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screembloodymurder Donating Member (1000+ posts) Send PM | Profile | Ignore Fri Aug-11-06 09:43 AM
Response to Original message
8. Write to Bush. He's the one using the term on Muslims.
Most of us know the difference.
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Odin2005 Donating Member (1000+ posts) Send PM | Profile | Ignore Fri Aug-11-06 09:54 AM
Response to Original message
10. "Fascist" is one of the most commonly abused terms.
It's used as a way to prevent rational debate because anything having to do with Fascism is evil by definition. The purpose of the term "Islamofacism" is to prevent a rational discussion on the causes of Islamic terrorism since solving that problem would be bad for the profits of the M-I Complex. The Pukes are also acting on thier jealousy of FDR, they want thier own global conflict that they are the heros of, which is why they compare the WoT to WW2 and bring up references to Neville Chamberlin and his appeasement of Hitler.
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MadHound Donating Member (1000+ posts) Send PM | Profile | Ignore Fri Aug-11-06 09:58 AM
Response to Original message
11. Thank you for so eloquently stating
What I've been asking since yesterday. It seems like with Bush's use of the term islamic fascists, it has opened the floodgates for people here to use it and another highly insulting term, islamofascist, and toss it around like we were FR central. It becomes tiring, disgusting, and frankly suprising to see how much those terms are unapologeticly tossed around here. I thought that Dems, liberals and progressives had more couth that that :shrug:
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William Seger Donating Member (1000+ posts) Send PM | Profile | Ignore Fri Aug-11-06 10:02 AM
Response to Original message
12. I think you're wrong
I think fascism is an accurate term for those who advocate a militant, totalitarian, repressive, racist Nation of Islam. Or is that you're claiming that such Islamic extremists don't exist?
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kentuck Donating Member (1000+ posts) Send PM | Profile | Ignore Fri Aug-11-06 10:05 AM
Response to Reply #12
13. But isn't the cornerstone of fascism..?
the corporate control of all means of production, which somehow doesn't fit with "Islamo-Fascist"...?
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wuushew Donating Member (1000+ posts) Send PM | Profile | Ignore Fri Aug-11-06 10:17 AM
Response to Reply #12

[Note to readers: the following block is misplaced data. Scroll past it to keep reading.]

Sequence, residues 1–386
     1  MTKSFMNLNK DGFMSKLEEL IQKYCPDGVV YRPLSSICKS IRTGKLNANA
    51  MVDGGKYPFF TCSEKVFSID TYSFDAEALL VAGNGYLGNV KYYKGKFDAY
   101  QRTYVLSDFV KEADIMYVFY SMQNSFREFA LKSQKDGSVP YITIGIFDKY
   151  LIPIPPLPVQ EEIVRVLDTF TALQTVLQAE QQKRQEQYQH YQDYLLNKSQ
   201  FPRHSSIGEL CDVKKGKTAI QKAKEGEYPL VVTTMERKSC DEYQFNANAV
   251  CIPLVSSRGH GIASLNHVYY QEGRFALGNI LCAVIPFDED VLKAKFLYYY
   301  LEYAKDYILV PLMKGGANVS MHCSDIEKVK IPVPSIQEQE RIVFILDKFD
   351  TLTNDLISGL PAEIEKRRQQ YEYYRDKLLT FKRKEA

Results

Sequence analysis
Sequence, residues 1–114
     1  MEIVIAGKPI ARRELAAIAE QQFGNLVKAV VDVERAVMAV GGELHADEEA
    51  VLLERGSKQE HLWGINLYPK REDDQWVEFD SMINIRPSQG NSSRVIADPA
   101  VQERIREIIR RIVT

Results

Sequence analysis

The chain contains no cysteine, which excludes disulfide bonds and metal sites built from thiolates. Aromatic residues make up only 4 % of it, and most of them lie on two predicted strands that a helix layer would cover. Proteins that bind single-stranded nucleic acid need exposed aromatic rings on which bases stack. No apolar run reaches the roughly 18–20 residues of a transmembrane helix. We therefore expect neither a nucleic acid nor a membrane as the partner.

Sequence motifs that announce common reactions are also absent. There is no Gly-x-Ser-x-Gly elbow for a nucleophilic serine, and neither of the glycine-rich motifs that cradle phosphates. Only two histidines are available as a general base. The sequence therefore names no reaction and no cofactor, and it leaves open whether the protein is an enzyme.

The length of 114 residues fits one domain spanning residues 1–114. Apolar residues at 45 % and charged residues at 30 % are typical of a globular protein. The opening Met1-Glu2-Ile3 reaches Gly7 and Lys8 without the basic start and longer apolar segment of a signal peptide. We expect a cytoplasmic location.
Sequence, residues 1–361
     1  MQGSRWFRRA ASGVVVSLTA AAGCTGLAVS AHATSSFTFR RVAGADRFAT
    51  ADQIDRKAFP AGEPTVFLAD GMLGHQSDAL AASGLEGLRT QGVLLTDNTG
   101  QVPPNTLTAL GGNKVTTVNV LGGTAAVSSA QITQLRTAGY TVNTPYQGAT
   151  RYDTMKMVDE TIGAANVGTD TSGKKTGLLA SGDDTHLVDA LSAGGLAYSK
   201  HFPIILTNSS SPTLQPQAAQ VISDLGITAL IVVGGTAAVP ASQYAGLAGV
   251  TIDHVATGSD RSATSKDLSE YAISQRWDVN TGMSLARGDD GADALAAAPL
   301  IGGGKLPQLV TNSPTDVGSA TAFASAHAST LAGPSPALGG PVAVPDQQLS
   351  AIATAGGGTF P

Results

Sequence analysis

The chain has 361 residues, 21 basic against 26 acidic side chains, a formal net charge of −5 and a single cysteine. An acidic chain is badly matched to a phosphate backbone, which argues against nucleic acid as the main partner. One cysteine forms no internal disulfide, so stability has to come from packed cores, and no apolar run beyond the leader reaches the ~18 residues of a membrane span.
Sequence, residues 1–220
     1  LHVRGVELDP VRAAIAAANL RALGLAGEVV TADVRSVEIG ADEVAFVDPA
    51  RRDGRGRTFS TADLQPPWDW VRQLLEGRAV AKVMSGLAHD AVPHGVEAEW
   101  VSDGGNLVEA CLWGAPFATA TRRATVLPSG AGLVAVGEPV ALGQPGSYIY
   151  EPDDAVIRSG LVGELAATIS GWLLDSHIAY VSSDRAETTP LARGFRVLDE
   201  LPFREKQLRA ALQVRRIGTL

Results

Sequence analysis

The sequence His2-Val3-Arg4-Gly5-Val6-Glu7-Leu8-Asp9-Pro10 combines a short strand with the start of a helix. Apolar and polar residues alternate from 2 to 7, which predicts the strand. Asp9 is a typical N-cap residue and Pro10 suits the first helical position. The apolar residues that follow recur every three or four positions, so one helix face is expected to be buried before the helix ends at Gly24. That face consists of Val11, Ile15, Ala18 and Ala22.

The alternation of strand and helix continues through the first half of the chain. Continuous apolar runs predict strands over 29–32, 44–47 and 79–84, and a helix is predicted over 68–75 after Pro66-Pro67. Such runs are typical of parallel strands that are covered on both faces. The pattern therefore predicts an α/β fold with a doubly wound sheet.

16. There is no great race war in the Islamic world
Edited on Fri Aug-11-06 10:17 AM by wuushew
Islamic countries have myriad varieties of ethnicities which may practice different sects of the faith. Conflict thus generally would be sectarian or tribal, not racially based.
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William Seger Donating Member (1000+ posts) Send PM | Profile | Ignore Fri Aug-11-06 10:35 AM
Response to Reply #16
17. But we're talking about "radical" Islam
... not the "Islamic world" as a whole. There is a great deal of strife in the Islamic world itself based on what amounts to tribalism (which is the original definition of nationalism).
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htuttle Donating Member (1000+ posts) Send PM | Profile | Ignore Fri Aug-11-06 11:04 AM
Response to Reply #12
20. They are Theocratic Dominionists not Fascists
Edited on Fri Aug-11-06 11:06 AM by htuttle
I wouldn't claim that people as you describe don't exist, just that you are calling them the wrong thing. An inaccurate label.

And what the hell does the Nation of Islam have to do with any of this???

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William Seger Donating Member (1000+ posts) Send PM | Profile | Ignore Fri Aug-11-06 01:35 PM
Response to Reply #20
24. Sorry, should have said Islamic Nation
... as referred to in Al Qaeda propaganda, not the (American) Nation of Islam movement.
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Postman Donating Member (1000+ posts) Send PM | Profile | Ignore Fri Aug-11-06 11:13 AM
Response to Reply #12
23. Sinclair Lewis - When fascism comes to America it will be wrapped in the .
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cool user name Donating Member (1000+ posts) Send PM | Profile | Ignore Fri Aug-11-06 11:12 AM
Response to Original message
22. Fascism per El Duce is:
The merger of corporation and the state.

Now the elements to achieve this would be:

Nationalism
Racism
Scapegoating
Chauvenism
Excess abuse of power
Tyranny
Violence
Suppression of liberty
etc ...

Those are the systems to which the ultimate end is to ensure that the fusion of state and capital are one and united - and that the state/corporate assets flow in the "correct" direction, which would be away from the majority (poor and enemies of the state) and flows towards the elite few (wealthy and those in power).

Fascism, in Mussolini's day demanded that the state was absolute and that capital/corporation was subserviant to the state.

Today, it's inverted. Neo-fascism demands that the state serves the corporation/capital and they are absolute.

Just my opinion.

Anyone agree?